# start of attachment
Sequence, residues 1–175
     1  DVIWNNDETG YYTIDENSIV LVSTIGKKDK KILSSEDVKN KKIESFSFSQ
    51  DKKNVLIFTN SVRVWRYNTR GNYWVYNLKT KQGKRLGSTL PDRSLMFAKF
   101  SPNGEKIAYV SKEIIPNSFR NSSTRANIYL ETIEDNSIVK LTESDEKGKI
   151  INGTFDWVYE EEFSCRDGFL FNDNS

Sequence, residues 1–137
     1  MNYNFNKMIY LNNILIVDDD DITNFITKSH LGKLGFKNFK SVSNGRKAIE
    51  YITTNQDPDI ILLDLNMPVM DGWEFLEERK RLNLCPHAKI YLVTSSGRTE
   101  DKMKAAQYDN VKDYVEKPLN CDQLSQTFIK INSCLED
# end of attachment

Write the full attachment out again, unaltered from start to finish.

Sequence, residues 1–175
     1  DVIWNNDETG YYTIDENSIV LVSTIGKKDK KILSSEDVKN KKIESFSFSQ
    51  DKKNVLIFTN SVRVWRYNTR GNYWVYNLKT KQGKRLGSTL PDRSLMFAKF
   101  SPNGEKIAYV SKEIIPNSFR NSSTRANIYL ETIEDNSIVK LTESDEKGKI
   151  INGTFDWVYE EEFSCRDGFL FNDNS

Sequence, residues 1–137
     1  MNYNFNKMIY LNNILIVDDD DITNFITKSH LGKLGFKNFK SVSNGRKAIE
    51  YITTNQDPDI ILLDLNMPVM DGWEFLEERK RLNLCPHAKI YLVTSSGRTE
   101  DKMKAAQYDN VKDYVEKPLN CDQLSQTFIK INSCLED